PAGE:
Peru protesters’ deaths likely resulted from official policy, Amnesty says
Lima, May 25 (EFE).- The deaths of 49 civilians during months of anti-government protests in Peru were a consequence of decisions by the people in authority, Amnesty International says in a report presented here Thursday.
“Far from being isolated incidents due to rogue officers acting of their own accord, the number of deaths on multiple dates and in different locations suggests a deliberate and coordinated state response,” AI Secretary General Agnes Callamard said during a press conference in Lima.
“The Peruvian authorities must investigate the possibility that officials ordered or at least tolerated these killings, no matter how high up the chain of command it takes them,” she said.
“Using lethal firearms against protesters shows a blatant disregard for human life,” Callamard said.
AI’s report, Peru: Lethal racism: Extrajudicial executions and unlawful use of force by Peru’s security forces, includes detailed documentation of 52 instances of human rights violations between Dec. 7, 2022, and Feb. 9, 2023.
Twenty of the 25 deaths analyzed “may constitute extrajudicial executions,” Amnesty says. “In those 20 cases law enforcement fired live ammunition into highly vulnerable areas of the body (the head, neck, thorax and abdomen).”
The research also uncovered discrepancies between official accounts and facts on the ground.
“In the case of Juliaca, just two officers from the Special Operations Directorate reported the firing of four 7.62 caliber bullets with their AKM rifles on 9 January. Yet on that day at least 15 people were killed by lethal ammunition and dozens more were wounded with firearms,” the report says.
The authors point out that while the first protest death took place on Dec. 11, security forces stuck to the same approach over the succeeding weeks.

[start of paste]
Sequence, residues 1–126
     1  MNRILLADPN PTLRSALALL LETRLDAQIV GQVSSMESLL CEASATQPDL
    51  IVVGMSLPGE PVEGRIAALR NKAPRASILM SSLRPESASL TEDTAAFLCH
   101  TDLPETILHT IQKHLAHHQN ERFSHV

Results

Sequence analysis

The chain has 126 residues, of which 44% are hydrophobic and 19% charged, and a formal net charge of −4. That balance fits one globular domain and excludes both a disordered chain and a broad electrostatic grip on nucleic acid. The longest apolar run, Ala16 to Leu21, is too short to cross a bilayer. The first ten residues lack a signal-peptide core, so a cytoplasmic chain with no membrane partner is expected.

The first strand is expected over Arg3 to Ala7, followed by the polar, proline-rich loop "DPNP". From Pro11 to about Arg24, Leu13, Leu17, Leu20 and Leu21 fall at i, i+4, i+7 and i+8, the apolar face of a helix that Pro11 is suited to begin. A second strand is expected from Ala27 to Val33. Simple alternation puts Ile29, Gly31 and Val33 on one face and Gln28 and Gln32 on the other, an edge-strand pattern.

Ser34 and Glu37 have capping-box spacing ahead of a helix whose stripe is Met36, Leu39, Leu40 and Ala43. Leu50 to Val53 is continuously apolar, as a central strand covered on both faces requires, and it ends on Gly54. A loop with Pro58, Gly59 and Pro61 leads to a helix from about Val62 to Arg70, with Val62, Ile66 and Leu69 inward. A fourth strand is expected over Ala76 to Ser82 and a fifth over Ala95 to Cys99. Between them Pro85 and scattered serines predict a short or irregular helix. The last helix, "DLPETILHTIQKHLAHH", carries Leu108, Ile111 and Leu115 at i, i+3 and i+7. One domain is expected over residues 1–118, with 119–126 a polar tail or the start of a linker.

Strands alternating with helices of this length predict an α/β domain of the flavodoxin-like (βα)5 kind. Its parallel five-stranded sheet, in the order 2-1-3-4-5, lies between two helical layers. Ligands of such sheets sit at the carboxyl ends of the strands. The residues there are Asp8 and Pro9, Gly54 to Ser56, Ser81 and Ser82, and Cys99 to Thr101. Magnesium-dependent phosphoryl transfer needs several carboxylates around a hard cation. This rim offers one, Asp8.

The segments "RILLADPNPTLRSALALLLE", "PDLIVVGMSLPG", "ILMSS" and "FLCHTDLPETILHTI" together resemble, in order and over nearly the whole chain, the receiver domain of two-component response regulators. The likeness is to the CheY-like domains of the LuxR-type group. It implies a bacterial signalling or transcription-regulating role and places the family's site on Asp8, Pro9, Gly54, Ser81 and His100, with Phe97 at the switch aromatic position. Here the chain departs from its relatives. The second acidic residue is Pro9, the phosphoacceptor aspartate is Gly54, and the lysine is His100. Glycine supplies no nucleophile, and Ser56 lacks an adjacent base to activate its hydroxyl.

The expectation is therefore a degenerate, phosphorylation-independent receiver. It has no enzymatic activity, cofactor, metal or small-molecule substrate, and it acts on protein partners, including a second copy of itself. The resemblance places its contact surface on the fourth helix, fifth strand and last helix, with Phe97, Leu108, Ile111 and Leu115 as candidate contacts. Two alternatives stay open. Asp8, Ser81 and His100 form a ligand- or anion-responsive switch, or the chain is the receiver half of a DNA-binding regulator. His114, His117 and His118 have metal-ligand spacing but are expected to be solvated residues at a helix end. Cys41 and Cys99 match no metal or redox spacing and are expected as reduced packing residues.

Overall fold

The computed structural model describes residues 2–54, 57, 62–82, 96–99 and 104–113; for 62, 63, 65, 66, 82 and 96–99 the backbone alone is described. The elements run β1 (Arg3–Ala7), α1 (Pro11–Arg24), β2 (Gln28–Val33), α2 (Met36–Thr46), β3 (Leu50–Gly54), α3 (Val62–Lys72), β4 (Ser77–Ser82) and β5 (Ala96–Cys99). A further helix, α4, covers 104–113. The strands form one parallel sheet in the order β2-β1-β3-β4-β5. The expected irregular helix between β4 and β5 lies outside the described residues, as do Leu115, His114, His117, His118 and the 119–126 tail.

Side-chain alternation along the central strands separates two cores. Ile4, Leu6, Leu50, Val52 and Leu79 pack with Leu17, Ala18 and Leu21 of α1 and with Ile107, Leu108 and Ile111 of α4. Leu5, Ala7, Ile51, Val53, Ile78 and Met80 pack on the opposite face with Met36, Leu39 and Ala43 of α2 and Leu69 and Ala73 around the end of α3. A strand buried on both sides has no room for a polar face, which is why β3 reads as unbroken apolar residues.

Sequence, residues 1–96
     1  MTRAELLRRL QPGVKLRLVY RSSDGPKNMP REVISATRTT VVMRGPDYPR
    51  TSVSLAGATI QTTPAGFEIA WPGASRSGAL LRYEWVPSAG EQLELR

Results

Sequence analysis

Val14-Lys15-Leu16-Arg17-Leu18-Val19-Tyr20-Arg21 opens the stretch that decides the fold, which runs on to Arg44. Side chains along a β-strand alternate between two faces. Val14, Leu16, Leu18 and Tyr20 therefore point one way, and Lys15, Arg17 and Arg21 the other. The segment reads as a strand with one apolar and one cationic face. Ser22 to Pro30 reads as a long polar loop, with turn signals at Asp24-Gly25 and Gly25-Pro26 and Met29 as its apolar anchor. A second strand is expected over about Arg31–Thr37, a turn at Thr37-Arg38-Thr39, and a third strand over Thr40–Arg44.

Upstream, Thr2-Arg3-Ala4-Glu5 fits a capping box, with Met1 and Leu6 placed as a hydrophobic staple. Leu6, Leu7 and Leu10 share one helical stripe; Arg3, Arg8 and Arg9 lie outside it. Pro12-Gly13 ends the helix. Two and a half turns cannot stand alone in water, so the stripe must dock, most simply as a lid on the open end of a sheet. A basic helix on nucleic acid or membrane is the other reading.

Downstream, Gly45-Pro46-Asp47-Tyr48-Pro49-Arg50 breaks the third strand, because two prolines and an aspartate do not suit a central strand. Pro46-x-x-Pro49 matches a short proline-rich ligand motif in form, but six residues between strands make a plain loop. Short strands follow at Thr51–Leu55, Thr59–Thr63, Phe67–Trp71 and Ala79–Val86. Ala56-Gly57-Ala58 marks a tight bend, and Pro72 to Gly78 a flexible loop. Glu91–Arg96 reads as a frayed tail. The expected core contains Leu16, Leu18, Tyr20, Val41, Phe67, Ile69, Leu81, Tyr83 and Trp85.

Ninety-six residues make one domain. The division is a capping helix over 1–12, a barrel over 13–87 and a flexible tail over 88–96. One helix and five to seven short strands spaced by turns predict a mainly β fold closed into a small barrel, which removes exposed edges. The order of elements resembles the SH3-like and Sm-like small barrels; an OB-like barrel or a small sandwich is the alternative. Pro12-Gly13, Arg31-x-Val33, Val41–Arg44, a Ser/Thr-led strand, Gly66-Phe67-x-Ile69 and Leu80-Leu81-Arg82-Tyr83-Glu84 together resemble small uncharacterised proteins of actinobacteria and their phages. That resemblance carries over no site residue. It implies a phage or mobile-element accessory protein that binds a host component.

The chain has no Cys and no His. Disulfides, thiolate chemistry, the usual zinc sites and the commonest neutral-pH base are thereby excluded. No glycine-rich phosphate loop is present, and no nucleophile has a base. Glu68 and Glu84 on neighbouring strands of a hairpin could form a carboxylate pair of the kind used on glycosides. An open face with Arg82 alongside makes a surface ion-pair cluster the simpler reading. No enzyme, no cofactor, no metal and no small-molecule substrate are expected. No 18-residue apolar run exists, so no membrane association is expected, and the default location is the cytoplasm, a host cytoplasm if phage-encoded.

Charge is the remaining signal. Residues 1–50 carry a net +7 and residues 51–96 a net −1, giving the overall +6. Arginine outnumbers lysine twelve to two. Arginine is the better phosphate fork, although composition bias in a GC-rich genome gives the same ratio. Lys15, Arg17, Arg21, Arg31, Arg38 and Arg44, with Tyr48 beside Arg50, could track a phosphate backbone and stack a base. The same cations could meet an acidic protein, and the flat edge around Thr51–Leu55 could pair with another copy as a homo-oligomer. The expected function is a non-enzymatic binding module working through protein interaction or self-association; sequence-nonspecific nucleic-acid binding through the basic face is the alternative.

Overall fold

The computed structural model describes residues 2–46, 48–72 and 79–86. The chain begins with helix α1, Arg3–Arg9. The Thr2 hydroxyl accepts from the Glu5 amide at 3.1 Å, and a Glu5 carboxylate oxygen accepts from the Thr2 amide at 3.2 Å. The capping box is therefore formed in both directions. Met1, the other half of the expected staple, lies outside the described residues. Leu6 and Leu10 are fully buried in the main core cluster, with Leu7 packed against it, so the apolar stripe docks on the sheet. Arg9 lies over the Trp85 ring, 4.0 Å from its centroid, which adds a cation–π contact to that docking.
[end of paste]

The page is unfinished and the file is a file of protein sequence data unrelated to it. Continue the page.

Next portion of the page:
“The fact that day after day, serious injuries and deaths were reported caused by lethal ammunition and that the authorities did nothing to prevent this, would suggest a certain degree of intent or acceptance that the possible outcome of such actions would be deaths,” the report says.
Regarding the question of racial animus, AI notes that police and soldiers did not use lethal force in the Lima region, where indigenous and Afro-Peruvian people make up only 20 percent of the population.
Though there were 104 protests in the capital compared with 37 in the southern region of Ayacucho, “there was just one death in Lima … whereas 10 people were killed in Ayacucho, where 82 percent of the population is Indigenous or Afro-descendant,” the documents says.
Amnesty also criticizes Peru’s government, led by provisional President Dina Boluarte, for having “intentionally stigmatized protesters as violent and radical” while praising the conduct of the security forces.
The unrest was sparked by the Dec. 7 ouster of elected President Pedro Castillo following his attempt to dissolve Peru’s extremely unpopular Congress and call early elections.
Castillo, a schoolteacher of peasant background, announced the move hours before lawmakers were set to take up a motion to impeach him.
The legislature voted the same day to remove Castillo and elevate Boluarte to the presidency, and the ousted head of state remains behind bars pending trial on a raft of charges.